Heyl Royster

 


Heyl Royster

 

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Attorneys Author IDC Quarterly Articles in Fourth Quarter 2020 Issue

11/30/2020

The Illinois Association of Defense Trial Counsel recently published the Fourth Quarter 2020 issue of the IDC Quarterly which features articles written by Heyl Royster attorneys.

Roger Clayton and Emily Perkins co-authored the Health Law column – “Gilbert, Health Care Advertising, and Consent Forms – Second District Rules Obstetrician Was Not an Apparent Agent of Hospital.” The Illinois Appellate Court, Second District, in Prutton v. Baumgart, recently held that an obstetrician was not an apparent agent of a hospital. The plaintiff voluntarily signed a consent form acknowledging that the physician was an independent contractor. Relying on Gilbert v. Sycamore Municipal Hospital, a 1993 Illinois Supreme Court decision, the Second District recognized that a hospital may be liable for the negligence of a physician providing treatment at a hospital, regardless of employment status. However, the stress of labor, or duress, as the plaintiff referred to it, was not sufficient to override the clear and explicit consent forms provided by the hospital. Although the hospital prevailed in Prutton, takeaways include the necessity of clearly explained, unambiguous consent forms, and further that the hospital should refrain from advertising or any element that suggests an employment relationship between physicians and the hospital.

The Civil Rights Update – “Seventh Circuit Clarifies ‘Excusable Neglect’ Requirement Under Federal Rule of Civil Procedure 6(b)(1)(B) as It Applies to Second Motion for Summary Judgment,” was authored by Jordan Emmert. In Bowman v. Korte, an inmate brought suit to address abuse allegedly suffered at a correctional center. The inmate filed a grievance which was denied by the prison. The State of Illinois Administrative Review Board affirmed the denial. He then filed suit under Section 1983. Over the course of time, through various motions, failure to raise specific issues, missed deadlines, change of counsel for the defendants, and finally a second motion for summary judgment – eventually found to be improperly granted due to an inadequate defense – the Appellate Court, Seventh Circuit, determined that “a lack of explanation ‘will not suffice if no excuse at all is offered or if the excuse is so threadbare as to make the neglect inexplicable.’” – The proffered excuse was “due to ‘unknown reasons.’” As Jordan sums this case up, “while it may not be common for an attorney to find themselves in a position where they are requesting leave to file a second motion for summary judgment, . . . it is important to keep in mind that Rule 6(b)(1)(B) applies to any circumstance where a party seeks leave to file, or take any action, after a deadline has passed. As a result, whenever the circumstance arises, it is essential to make a record of why a failure to meet a deadline is excusable under the rule.”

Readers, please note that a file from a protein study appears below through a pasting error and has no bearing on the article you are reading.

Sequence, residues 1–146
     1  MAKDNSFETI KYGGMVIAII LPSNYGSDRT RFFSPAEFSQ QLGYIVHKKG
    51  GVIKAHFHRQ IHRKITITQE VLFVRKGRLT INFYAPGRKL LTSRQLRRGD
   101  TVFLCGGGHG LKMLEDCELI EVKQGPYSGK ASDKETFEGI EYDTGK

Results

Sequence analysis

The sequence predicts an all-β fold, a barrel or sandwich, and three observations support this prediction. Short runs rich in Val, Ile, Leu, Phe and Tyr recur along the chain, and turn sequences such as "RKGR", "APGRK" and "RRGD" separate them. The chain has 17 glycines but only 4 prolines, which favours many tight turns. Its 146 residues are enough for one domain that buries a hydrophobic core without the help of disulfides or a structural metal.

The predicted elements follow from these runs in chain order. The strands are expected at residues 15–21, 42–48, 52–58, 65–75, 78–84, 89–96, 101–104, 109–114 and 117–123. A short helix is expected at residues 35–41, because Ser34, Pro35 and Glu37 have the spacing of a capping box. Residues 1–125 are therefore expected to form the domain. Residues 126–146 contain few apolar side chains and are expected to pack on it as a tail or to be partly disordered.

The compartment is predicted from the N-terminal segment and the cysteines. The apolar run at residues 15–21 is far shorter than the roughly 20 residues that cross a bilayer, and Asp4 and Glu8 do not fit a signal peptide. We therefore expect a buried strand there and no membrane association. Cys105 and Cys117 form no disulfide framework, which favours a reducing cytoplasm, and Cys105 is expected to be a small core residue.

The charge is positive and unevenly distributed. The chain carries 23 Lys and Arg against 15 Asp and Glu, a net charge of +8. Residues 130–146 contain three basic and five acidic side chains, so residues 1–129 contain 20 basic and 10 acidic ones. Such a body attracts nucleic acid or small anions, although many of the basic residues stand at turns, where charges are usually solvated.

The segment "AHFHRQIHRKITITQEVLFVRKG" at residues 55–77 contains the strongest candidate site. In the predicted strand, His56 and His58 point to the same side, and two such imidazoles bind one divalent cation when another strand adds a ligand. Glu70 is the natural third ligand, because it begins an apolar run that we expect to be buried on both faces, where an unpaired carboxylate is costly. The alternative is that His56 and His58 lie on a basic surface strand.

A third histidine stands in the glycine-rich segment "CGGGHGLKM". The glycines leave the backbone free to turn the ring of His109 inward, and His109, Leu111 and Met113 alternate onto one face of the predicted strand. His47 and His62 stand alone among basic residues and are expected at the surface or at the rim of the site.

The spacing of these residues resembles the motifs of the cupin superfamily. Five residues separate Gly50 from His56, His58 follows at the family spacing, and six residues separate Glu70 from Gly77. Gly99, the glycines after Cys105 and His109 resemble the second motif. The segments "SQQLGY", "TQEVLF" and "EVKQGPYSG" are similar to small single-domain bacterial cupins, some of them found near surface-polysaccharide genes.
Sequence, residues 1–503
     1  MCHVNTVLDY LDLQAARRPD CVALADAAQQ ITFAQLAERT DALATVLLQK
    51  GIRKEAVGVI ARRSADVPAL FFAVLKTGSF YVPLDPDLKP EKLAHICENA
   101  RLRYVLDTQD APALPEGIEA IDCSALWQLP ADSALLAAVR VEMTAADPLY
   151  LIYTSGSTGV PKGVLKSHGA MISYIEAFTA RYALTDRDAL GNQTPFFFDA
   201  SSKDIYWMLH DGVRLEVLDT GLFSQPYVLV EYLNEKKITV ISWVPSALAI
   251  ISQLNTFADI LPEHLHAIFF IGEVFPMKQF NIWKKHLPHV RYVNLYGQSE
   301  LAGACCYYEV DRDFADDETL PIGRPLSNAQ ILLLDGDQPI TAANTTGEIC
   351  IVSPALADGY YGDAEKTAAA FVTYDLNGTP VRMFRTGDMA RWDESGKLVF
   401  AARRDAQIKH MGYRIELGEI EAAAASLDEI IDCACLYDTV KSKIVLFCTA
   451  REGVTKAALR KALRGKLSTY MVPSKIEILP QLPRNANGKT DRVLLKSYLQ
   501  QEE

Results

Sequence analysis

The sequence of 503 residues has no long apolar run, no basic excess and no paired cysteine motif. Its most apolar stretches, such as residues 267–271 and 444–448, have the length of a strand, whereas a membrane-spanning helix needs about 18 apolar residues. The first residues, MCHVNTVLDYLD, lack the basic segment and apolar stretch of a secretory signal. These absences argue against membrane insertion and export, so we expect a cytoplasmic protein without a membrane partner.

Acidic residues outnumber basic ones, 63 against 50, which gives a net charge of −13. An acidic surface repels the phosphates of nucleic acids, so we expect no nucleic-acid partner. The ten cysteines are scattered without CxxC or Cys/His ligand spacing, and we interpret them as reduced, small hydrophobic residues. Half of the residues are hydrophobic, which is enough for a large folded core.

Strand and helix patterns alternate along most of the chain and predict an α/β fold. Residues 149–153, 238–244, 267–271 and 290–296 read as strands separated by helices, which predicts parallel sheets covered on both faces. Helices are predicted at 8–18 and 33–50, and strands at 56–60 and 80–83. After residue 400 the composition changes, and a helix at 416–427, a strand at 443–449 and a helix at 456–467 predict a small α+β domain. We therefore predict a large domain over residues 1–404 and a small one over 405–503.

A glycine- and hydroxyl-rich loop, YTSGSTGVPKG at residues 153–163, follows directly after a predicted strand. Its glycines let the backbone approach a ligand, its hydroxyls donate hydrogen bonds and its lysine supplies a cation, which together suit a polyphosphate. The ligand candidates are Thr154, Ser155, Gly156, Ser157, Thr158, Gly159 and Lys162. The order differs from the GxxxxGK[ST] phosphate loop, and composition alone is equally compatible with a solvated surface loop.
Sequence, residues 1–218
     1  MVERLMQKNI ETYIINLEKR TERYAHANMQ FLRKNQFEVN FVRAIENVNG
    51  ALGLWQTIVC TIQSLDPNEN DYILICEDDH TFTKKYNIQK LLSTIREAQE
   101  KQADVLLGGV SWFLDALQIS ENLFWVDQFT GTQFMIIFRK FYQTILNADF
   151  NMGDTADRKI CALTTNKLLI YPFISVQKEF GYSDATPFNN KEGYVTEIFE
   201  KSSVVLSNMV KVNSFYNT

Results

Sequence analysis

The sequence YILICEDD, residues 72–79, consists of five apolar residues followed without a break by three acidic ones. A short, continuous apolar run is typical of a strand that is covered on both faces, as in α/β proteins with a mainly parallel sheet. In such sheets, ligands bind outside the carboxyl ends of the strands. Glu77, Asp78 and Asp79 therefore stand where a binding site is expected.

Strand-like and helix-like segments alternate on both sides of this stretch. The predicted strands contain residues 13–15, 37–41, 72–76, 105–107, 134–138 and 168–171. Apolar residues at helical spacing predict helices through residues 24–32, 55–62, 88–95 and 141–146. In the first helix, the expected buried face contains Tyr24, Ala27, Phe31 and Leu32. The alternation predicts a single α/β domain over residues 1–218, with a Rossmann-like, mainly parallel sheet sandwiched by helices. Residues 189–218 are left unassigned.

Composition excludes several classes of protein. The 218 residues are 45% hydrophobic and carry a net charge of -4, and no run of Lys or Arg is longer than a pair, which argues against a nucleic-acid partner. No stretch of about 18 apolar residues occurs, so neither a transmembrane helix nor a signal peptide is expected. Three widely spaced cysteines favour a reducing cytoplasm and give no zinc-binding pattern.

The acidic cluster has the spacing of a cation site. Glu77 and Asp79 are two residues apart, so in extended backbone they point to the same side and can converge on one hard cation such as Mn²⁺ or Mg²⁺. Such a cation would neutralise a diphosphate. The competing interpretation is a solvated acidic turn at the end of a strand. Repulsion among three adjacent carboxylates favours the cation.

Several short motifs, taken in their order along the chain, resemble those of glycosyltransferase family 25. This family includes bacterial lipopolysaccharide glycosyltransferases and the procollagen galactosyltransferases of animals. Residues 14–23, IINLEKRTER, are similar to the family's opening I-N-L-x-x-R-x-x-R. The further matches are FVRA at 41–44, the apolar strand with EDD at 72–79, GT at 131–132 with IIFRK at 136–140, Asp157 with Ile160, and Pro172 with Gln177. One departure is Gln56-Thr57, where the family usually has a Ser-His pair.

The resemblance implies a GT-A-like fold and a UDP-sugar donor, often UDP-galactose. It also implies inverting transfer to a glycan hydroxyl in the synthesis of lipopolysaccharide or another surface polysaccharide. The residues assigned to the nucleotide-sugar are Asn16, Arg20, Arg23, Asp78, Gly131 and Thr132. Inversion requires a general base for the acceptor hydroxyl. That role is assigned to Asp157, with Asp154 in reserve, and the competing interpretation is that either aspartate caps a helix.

John Heil is an IDC Board member and member of the Civil Practice Committee, Mark McClenathan is also a member of the Board of Directors and the Civil Practice Committee, and the Construction Law Committee. Emily Perkins is a member of the Employment Law Committee. Bryan Vayr is a member of the Tort Law Committee. Craig Unrath is chair of the IDC Amicus Committee, and Patrick Cloud is chair of the Insurance Law Committee.